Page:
Block comments are indented at the same level as the surrounding code. They may be in /* ... / style or // ... style. For multi-line / ... */ comments, subsequent lines must start with * aligned with the * on the previous line.

/*
* This is          // And so           /* Or you can
* okay.            // is this.          * even do this. */
*/

Comments are not enclosed in boxes drawn with asterisks or other characters.

Multi-line comments are discouraged for any use other than Javadoc. This makes it simpler to temporarily comment out code.

Big blocks of comments are a code smell as well, so I feel that single line comments encourages better (self-documented) code.

Modifiers

Class and member modifiers, when present, appear in the order recommended by the Java Language Specification:

public protected private abstract static final transient volatile synchronized native strictfp

Numeric Literals

long-valued integer literals use an uppercase L suffix, never lowercase (to avoid confusion with the digit 1). For example, 3000000000L rather than 3000000000l.

Naming

Rules common to all identifiers

Identifiers use only ASCII letters and digits, and in two cases noted below, underscores. Thus each valid identifier name is matched by the regular expression \w+ .

Special prefixes or suffixes, like those seen in the examples name_, mName, s_name and kName, are not used.

Rules by identifier type

Package names

Package names are all lowercase, with consecutive words simply concatenated together (no underscores). For example, com.example.deepspace, not com.example.deepSpace or com.example.deep_space.

Class names

Class names are written in UpperCamelCase.

Class names are typically nouns or noun phrases. For example, Character or ImmutableList. Interface names may also be nouns or noun phrases (for example, List), but may sometimes be adjectives or adjective phrases instead (for example, Readable).

There are no specific rules or even well-established conventions for naming annotation types.

Test classes are named starting with the name of the class they are testing, and ending with Test. For example, HashTest or HashIntegrationTest.

Method names

Method names are written in lowerCamelCase.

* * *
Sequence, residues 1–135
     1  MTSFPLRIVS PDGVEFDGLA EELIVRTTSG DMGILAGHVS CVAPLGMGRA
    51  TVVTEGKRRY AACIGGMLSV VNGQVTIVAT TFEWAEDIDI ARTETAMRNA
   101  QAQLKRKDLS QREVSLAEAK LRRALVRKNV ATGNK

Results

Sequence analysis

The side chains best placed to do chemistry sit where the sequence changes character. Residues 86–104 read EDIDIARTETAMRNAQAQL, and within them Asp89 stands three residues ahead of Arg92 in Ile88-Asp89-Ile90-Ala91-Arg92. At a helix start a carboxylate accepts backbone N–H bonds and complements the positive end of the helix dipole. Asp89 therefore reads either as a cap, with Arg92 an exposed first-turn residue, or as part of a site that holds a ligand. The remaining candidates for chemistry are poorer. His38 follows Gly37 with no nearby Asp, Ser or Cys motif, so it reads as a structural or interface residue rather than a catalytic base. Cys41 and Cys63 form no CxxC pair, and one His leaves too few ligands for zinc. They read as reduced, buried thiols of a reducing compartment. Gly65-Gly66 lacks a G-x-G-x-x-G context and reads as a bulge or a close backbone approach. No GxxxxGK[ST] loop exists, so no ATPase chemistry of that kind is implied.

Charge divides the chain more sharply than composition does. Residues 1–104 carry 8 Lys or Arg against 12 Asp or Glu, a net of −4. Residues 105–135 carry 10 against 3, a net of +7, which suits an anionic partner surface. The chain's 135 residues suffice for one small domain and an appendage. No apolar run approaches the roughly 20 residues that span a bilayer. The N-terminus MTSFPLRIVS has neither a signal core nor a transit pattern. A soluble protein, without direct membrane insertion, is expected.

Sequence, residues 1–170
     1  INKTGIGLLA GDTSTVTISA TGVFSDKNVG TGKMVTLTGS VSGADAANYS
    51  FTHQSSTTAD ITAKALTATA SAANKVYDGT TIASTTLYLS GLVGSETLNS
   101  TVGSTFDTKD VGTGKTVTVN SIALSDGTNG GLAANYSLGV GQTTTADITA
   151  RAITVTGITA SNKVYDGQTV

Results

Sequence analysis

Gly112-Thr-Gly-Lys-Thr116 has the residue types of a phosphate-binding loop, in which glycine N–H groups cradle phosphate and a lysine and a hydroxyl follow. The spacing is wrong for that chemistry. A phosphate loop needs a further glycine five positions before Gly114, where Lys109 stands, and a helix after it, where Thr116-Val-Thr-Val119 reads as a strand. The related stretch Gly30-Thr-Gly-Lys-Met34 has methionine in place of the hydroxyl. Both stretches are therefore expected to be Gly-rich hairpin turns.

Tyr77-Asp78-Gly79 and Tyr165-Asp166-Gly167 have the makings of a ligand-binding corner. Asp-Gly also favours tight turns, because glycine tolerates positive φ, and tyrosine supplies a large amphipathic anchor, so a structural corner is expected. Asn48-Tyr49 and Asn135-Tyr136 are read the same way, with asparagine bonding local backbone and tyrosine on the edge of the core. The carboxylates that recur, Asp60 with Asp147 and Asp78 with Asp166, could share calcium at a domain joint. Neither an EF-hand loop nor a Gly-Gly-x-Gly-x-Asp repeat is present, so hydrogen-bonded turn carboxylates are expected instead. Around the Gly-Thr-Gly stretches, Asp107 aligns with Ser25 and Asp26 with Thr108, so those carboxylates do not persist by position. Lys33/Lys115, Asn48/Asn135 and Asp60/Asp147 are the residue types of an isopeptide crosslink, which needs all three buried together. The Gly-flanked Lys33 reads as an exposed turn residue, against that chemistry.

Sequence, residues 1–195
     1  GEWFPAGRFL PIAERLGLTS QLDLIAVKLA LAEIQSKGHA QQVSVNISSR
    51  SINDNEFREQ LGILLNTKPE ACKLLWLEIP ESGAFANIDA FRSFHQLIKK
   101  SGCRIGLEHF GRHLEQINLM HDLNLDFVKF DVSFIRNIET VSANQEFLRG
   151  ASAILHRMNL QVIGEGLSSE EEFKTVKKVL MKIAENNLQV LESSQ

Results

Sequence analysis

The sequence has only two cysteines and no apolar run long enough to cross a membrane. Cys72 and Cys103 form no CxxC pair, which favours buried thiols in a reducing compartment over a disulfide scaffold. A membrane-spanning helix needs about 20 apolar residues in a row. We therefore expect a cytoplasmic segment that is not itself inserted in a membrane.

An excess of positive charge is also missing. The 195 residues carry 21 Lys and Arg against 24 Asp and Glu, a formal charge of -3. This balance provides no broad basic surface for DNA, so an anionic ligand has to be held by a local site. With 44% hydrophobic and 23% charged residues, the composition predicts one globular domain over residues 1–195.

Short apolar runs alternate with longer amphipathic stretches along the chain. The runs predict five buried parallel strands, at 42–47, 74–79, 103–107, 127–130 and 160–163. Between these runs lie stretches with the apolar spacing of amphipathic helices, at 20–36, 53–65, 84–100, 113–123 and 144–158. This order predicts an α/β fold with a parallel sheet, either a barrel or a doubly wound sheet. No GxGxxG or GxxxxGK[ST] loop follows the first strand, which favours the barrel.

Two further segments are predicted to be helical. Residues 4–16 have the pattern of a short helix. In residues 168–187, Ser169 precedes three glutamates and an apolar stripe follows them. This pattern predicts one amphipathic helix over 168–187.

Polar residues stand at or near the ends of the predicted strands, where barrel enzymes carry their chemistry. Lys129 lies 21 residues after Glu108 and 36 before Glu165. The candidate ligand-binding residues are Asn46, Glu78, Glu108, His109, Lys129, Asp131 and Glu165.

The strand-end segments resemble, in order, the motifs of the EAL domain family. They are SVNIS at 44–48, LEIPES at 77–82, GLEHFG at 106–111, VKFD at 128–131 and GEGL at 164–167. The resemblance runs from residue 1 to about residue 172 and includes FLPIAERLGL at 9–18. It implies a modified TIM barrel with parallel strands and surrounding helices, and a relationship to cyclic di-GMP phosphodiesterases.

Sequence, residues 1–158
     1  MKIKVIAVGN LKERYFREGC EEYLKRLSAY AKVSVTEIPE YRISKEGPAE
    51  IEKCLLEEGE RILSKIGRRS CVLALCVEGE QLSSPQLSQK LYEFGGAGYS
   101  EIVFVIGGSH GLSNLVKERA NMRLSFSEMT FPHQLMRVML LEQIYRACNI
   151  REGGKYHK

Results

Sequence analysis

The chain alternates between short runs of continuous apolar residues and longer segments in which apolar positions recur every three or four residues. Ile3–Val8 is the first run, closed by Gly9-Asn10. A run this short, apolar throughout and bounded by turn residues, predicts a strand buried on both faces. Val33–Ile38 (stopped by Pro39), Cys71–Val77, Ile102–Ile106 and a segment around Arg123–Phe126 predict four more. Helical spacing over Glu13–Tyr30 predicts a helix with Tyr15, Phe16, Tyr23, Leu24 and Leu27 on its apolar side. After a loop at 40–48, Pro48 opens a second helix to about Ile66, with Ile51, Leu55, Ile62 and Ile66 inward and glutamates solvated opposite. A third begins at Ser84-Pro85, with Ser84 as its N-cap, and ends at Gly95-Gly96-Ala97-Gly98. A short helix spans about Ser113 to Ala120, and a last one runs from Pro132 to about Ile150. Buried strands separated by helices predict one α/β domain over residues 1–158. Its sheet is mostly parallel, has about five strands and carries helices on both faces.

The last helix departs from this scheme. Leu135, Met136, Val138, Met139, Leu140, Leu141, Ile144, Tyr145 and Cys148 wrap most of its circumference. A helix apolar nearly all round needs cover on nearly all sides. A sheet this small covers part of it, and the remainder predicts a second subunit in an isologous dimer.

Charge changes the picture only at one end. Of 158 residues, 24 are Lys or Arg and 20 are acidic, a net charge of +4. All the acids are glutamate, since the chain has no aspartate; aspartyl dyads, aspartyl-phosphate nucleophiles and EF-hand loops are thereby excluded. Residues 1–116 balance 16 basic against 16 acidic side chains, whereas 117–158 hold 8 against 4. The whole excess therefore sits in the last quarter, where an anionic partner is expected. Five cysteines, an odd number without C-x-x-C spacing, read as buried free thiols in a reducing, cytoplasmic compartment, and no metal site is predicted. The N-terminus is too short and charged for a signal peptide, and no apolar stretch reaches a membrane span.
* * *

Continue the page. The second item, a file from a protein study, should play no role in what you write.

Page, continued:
Method names are typically verbs or verb phrases. For example, sendMessage or stop.

Underscores may appear in JUnit test method names to separate logical components of the name. One typical pattern is test_, for example testPop_emptyStack. There is no One Correct Way to name test methods.

Constant names

Constant names use CONSTANT_CASE: all uppercase letters, with words separated by underscores. But what is a constant, exactly?

Every constant is a static final field, but not all static final fields are constants. Before choosing constant case, consider whether the field really feels like a constant. For example, if any of that instance's observable state can change, it is almost certainly not a constant. Merely intending to never mutate the object is generally not enough. Examples:

// Constants
static final int NUMBER = 5;
static final ImmutableList<String> NAMES = ImmutableList.of("Ed", "Ann");
static final Joiner COMMA_JOINER = Joiner.on(',');  // because Joiner is immutable
static final SomeMutableType[] EMPTY_ARRAY = {};
enum SomeEnum { ENUM_CONSTANT }

// Not constants
static String nonFinal = "non-final";
final String nonStatic = "non-static";
static final Set<String> mutableCollection = new HashSet<String>();
static final ImmutableSet<SomeMutableType> mutableElements = ImmutableSet.of(mutable);
static final Logger logger = Logger.getLogger(MyClass.getName());
static final String[] nonEmptyArray = {"these", "can", "change"};

These names are typically nouns or noun phrases.

Non-constant field names

Non-constant field names (static or otherwise) are written in lowerCamelCase.

These names are typically nouns or noun phrases. For example, computedValues or index.

Parameter names

Parameter names are written in lowerCamelCase.

Short (1-3 character) parameter names should be avoided.

Local variable names

Local variable names are written in lowerCamelCase, and can be abbreviated more liberally than other types of names.

However, one-character names should be avoided, except for temporary and looping variables.

Even when final and immutable, local variables are not considered to be constants, and should not be styled as constants.

Type variable names

Each type variable is named in one of two styles:

  • A single capital letter, optionally followed by a single numeral (such as E, T, X, T2)
  • A name in the form used for classes, followed by the capital letter T (examples: RequestT, FooBarT).

Camel case: defined